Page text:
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5 Jan, 2023 12:27

Russian Church calls for ‘Christmas truce’ in Ukraine

A ceasefire between January 6 and 7 would allow worshipers to attend religious services, Patriarch Kirill has said
Russian Church calls for ‘Christmas truce’ in Ukraine

The primate of the Russian Orthodox Church, Patriarch Kirill, has called on the forces of both Russia and Ukraine to cease hostilities in the run-up to and during Christmas. Both Ukrainian and Russian Orthodox faithful traditionally celebrate the holiday on January 7.

In a statement on Wednesday, Patriarch Kirill addressed to “all parties embroiled in internal strife…an appeal to cease fire and establish a Christmas truce from 12:00 on January 6 to 24:00 on January 7.”

The purpose of the ceasefire would be to enable the Orthodox faithful “to attend services on Christmas Eve and on Christmas Day,” Kirill stated.

There have already been similar calls for a temporary halt to the fighting, with 1,000 US faith leaders suggesting last month that both Ukraine and Russia could negotiate a truce between December 24 and January 19. The deal, they argued, could even pave the way for a permanent settlement of the conflict.

However, in mid-December, Kremlin Press Secretary Dmitry Peskov said that Russia had not received any such proposals, and that “this topic is not on the agenda.”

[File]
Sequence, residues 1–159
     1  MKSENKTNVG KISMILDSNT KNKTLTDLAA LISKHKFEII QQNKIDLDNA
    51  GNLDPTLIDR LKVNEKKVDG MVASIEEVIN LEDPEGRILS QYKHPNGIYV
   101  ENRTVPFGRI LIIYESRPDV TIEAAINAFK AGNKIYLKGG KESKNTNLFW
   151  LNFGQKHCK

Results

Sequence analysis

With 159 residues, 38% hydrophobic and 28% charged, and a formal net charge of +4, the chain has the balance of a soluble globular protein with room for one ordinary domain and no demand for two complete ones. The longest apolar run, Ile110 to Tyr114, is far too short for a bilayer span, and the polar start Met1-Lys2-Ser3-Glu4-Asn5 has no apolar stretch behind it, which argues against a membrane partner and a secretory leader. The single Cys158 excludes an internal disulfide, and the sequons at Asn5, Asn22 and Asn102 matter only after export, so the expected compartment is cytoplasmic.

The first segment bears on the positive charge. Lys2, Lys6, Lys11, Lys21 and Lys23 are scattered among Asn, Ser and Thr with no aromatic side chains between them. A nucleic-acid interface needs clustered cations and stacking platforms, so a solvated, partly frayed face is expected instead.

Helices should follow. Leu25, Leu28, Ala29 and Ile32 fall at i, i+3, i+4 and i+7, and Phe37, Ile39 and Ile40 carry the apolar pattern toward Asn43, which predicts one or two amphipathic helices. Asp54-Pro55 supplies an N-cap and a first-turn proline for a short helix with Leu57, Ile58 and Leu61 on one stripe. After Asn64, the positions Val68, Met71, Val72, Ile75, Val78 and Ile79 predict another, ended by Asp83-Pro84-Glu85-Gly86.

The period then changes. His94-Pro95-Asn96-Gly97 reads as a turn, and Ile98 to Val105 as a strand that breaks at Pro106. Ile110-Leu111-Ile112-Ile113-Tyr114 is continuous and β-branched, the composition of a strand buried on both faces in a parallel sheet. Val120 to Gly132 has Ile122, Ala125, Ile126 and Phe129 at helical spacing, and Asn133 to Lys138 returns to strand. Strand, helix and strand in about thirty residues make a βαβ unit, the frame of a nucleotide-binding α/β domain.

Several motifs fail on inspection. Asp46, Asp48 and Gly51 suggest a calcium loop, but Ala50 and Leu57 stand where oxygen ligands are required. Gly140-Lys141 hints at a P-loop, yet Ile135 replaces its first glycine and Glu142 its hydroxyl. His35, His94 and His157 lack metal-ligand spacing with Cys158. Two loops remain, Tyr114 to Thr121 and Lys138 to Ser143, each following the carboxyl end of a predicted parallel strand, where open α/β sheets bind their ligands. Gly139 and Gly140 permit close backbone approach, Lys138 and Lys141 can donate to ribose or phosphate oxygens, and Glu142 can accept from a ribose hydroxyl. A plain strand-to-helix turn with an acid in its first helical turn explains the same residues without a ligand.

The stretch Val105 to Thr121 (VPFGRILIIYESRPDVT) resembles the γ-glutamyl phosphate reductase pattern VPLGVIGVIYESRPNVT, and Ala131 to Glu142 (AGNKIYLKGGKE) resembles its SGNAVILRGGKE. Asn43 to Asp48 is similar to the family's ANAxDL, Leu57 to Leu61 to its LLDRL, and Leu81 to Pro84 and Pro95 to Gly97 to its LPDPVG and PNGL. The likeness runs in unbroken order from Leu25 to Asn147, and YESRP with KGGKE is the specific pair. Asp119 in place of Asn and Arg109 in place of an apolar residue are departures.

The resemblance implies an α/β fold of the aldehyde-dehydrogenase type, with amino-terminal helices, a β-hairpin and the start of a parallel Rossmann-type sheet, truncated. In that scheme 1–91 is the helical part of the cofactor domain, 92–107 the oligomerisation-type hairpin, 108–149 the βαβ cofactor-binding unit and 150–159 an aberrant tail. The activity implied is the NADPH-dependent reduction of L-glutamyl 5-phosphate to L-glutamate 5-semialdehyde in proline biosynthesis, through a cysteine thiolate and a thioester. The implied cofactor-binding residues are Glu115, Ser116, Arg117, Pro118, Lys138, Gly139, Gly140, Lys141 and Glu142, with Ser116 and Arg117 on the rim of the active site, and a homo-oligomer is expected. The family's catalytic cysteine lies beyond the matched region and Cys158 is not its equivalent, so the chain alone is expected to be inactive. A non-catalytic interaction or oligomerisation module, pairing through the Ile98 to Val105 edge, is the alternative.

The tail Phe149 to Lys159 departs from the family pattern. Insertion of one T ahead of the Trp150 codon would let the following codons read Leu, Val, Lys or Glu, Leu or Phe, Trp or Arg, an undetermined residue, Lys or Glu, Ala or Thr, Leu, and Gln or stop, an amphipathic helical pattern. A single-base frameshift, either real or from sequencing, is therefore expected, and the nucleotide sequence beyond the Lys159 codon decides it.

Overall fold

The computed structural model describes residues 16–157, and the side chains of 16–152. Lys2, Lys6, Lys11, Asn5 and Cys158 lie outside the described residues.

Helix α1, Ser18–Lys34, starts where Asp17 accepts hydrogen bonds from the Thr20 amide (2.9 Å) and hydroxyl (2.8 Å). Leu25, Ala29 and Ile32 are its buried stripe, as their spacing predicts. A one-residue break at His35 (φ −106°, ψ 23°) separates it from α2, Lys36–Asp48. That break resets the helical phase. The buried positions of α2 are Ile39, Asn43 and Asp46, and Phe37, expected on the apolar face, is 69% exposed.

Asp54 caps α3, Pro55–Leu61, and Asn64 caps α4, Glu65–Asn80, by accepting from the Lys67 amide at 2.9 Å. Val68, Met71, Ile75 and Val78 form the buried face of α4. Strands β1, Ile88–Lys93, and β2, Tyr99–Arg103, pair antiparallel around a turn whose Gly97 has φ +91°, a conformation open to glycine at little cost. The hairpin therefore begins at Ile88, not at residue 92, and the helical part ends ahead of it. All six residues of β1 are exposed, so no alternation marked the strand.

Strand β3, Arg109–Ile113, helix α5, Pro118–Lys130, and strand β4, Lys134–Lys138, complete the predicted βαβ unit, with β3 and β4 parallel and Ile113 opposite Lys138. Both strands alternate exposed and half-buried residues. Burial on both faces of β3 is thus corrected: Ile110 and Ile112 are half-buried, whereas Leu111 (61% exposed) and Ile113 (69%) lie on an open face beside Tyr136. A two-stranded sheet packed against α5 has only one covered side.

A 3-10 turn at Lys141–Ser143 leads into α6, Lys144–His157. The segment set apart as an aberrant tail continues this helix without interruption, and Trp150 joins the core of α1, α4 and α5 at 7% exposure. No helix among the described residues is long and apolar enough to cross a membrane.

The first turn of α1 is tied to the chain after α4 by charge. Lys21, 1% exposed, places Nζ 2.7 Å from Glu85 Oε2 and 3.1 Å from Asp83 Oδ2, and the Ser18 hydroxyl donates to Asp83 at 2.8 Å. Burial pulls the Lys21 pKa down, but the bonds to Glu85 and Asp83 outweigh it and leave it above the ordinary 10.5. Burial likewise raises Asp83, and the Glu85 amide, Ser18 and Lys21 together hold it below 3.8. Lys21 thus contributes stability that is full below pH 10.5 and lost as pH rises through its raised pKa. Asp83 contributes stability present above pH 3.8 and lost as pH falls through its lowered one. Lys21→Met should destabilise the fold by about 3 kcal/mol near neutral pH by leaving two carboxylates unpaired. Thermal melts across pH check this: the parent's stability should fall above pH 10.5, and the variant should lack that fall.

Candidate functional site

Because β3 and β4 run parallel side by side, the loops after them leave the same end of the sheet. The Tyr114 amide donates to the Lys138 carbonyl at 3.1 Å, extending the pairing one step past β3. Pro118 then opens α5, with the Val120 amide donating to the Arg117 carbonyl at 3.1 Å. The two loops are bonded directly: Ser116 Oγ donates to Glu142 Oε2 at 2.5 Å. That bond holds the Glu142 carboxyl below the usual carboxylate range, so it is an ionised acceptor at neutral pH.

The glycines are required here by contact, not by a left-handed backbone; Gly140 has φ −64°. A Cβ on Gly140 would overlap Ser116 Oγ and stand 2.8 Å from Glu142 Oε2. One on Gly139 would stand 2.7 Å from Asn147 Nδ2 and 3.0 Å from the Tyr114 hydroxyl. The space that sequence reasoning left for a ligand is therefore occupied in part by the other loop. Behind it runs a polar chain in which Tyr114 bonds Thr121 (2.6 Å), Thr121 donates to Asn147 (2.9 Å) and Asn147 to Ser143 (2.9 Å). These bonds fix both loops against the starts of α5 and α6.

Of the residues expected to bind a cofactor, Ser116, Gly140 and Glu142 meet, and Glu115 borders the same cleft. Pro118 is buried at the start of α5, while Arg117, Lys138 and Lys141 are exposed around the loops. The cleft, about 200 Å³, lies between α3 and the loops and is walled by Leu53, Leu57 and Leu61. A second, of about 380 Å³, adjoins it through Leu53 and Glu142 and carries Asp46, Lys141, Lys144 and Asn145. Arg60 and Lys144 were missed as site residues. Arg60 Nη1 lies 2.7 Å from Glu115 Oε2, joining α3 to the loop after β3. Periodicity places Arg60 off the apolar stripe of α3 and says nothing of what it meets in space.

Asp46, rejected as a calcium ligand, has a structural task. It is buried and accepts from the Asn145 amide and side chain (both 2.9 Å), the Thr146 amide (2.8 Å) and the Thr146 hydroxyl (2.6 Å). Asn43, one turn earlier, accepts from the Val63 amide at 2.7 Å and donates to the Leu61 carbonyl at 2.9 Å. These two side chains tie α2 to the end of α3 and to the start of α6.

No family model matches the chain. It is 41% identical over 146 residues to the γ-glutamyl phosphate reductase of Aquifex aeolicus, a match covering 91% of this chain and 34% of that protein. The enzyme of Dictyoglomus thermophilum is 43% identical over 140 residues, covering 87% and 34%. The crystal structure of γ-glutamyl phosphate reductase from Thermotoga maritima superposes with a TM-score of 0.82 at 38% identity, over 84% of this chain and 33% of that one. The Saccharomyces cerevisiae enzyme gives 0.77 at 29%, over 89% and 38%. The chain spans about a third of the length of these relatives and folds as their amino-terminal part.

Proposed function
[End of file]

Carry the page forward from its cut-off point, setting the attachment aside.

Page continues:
The appeal comes as the Orthodox Church of Ukraine (OCU), which is considered by the Russian Orthodox Church to be schismatic, announced on Wednesday that its primate would hold the Christmas service in Kiev-Pechersk Lavra, the country’s main Orthodox Christian monastery.

The announcement sparked outrage from the rival Ukrainian Orthodox Church (UOC), the largest religious grouping in the country. It has historically been connected with Moscow, but declared independence after Russia launched its military operation against the neighboring state.

In a statement to Ukrainian media, the UOC press service denounced the development as a “huge disgrace” for the country. It also stated that this “raiding” is taking place with the blessing of high-ranking Ukrainian officials.

In recent months, Ukrainian authorities have been engaged in a campaign targeting religious institutions allegedly linked to Moscow, raiding churches across the country, including the Lavra itself.

The crackdown has been supported by Ukrainian President Vladimir Zelensky, who has announced new measures seeking to ban religious institutions deemed to have links to Russia in a bid to safeguard the nation’s “spiritual independence.”

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